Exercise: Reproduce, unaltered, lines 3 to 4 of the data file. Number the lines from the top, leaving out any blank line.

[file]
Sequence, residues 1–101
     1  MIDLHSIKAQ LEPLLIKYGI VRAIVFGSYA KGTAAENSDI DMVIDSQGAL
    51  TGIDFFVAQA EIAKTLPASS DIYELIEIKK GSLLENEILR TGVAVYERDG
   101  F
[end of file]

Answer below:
    51  TGIDFFVAQA EIAKTLPASS DIYELIEIKK GSLLENEILR TGVAVYERDG
   101  F